By Mark Goldberg
ON TUESDAY EVENING, a Twitter thread by Heritage Minister Pablo Rodriguez requesting a rushed CRTC review of Russia Today (RT) caught my eye:
That’s right. Two weeks.
The Heritage Minister, the Minister responsible for the CRTC, is asking the independent, quasi-judicial regulator to collect evidence and render a decision in two weeks on whether RT should be continue to be permitted as a broadcasting service option for Canadians.
The Commission regularly takes two weeks just to have a decision translated. Please tell me how the CRTC can prepare a public notice, translate that notice, collect evidence and comments, provide the licensee an opportunity to reply, consider the evidence, reach a decision, and document it within two weeks?
Why rush? Virtually every broadcast distributor has already taken RT off the air. Cartt.ca reports that Bell, Rogers, Shaw, TELUS, Access and VMedia have already removed RT from their channel lineups, so there does not appear to be any real urgency.
Forcing the CRTC to cast aside any modicum of due process smacks of a pre-ordained determination. That strikes me as precisely the wrong message as this government seeks to give the CRTC greater powers over the kind of content we can access on the internet. The concerns I have expressed in the past deal precisely with political interference in such reviews.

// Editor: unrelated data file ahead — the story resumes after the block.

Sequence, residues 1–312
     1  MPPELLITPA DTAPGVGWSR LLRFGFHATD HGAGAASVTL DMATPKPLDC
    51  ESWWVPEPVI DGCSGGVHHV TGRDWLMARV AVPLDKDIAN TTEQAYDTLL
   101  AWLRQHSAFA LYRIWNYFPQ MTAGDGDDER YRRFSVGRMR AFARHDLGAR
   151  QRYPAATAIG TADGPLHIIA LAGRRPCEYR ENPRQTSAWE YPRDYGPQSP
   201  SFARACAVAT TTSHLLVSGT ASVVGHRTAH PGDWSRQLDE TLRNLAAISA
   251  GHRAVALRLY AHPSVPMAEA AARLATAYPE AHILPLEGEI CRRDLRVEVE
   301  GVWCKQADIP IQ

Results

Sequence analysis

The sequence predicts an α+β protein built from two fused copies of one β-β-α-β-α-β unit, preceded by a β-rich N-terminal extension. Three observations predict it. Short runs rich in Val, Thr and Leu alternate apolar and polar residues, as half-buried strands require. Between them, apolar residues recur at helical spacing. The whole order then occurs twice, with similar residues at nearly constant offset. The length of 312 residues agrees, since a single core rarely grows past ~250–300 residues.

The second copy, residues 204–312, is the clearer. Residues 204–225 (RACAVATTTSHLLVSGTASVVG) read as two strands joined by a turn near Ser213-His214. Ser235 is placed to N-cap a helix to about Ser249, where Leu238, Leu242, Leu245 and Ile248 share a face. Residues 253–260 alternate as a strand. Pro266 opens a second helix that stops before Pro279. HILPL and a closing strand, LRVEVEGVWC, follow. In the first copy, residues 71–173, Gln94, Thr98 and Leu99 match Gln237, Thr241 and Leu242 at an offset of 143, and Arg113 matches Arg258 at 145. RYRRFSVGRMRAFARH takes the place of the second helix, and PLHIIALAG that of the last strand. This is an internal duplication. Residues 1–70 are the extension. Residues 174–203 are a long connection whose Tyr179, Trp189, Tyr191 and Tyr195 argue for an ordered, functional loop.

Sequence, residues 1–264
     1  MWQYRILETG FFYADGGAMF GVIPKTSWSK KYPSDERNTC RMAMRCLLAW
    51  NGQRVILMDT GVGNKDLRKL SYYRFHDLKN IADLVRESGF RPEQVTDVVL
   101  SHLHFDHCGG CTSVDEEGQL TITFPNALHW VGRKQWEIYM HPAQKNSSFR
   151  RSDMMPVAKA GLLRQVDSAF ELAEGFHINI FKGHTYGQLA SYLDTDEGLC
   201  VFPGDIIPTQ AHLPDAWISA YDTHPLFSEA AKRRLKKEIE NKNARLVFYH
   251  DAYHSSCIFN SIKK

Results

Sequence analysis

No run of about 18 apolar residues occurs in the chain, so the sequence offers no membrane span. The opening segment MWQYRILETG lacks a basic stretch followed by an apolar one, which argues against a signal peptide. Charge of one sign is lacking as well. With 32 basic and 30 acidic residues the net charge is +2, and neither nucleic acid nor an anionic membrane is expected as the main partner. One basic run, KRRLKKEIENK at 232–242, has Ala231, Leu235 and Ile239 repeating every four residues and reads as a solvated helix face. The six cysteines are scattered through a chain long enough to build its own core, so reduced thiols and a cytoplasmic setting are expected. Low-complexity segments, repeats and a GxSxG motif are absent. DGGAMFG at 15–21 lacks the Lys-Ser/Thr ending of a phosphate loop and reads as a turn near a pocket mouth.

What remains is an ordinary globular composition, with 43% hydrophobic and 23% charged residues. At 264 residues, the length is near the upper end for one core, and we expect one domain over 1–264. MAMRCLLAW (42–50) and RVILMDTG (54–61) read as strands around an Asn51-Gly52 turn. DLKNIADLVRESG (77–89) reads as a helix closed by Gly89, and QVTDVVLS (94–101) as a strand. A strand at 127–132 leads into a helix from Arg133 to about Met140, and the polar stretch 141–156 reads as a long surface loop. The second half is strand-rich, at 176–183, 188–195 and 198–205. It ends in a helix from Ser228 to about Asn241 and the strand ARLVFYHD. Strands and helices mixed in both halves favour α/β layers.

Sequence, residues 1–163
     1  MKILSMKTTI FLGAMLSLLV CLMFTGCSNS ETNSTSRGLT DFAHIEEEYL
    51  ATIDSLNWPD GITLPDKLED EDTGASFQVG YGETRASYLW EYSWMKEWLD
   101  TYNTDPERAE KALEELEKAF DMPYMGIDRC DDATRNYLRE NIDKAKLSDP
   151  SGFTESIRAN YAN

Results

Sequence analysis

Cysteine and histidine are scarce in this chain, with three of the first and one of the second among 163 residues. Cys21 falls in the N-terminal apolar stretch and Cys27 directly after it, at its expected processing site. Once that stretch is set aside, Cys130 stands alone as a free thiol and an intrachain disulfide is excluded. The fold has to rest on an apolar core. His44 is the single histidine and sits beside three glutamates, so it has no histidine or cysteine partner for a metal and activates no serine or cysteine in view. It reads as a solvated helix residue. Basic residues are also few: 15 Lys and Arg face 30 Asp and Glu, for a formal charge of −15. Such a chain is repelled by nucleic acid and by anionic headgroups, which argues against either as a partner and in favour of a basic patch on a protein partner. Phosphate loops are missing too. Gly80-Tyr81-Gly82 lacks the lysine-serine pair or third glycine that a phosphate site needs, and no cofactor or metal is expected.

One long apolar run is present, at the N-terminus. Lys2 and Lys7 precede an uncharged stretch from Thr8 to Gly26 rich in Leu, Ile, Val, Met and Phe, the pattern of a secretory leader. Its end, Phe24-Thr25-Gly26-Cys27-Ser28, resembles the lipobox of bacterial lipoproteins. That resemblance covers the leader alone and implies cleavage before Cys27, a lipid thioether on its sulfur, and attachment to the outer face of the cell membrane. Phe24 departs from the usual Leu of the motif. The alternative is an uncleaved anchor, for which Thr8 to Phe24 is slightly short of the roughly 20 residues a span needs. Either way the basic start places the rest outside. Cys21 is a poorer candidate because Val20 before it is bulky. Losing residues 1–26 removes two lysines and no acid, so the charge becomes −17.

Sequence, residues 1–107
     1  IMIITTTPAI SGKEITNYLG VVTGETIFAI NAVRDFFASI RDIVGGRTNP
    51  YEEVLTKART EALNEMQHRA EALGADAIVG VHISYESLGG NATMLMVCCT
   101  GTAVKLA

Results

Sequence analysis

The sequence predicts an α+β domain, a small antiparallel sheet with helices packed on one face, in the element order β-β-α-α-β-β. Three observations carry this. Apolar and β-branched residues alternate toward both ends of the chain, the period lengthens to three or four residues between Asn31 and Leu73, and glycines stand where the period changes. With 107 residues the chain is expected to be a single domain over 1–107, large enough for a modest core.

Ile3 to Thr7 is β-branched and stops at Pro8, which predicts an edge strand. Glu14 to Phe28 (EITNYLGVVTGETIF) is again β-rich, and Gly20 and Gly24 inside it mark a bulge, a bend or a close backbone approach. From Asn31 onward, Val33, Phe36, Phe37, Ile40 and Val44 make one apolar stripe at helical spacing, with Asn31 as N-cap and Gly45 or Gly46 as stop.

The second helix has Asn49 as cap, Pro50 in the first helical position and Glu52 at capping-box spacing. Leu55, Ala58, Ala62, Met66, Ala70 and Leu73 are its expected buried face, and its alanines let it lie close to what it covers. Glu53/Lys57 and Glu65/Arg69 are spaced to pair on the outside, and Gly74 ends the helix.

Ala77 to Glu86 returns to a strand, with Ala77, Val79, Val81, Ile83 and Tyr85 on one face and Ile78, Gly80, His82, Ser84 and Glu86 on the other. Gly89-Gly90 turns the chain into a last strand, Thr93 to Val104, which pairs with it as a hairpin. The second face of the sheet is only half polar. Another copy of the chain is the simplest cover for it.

The Minister began his thread saying, “Vladimir Putin’s aim is to subvert the international order, undermine democracy, and create a world where authoritarianism flourishes.”
Let’s ensure Canada isn’t guilty of subverting our independent broadcast regulator, and permit it to follow due process.
That’s how I was taught our democracy works.
Postscript, March 2: On February 28, the House of Commons unanimously passed a motion saying:
That, given the Russian Federation’s unprovoked and unjustified attack on Ukraine, the House:
(d) Call upon the Government of Canada, and all parties in the House of Commons, to support:
(iii) The issuing of an order of general application directing the CRTC to a new broadcasting policy that would remove state-controlled broadcasters that spread disinformation and propaganda from the CRTC’s list of non-Canadian programming services and stations authorized for distribution, effectively removing Russia Today (RT) from Canadian airwaves;
“An order of general application directing the CRTC to a new broadcasting policy” seems to be somewhat different from what the Minister tweeted. Parliament did not set a two-week deadline for the CRTC’s process.
I might suggest the right approach would be for the government to order the removal of RT as a sanction, and allow the general policy of removing “state-controlled broadcasters that spread disinformation and propaganda” to work through the Commission’s processes.
Mark Goldberg is a telecom consultant and co-founder of the Canadian Telecom Summit. This piece first appeared on his blog.
Image of Pablo Rodriguez borrowed from his Twitter profile.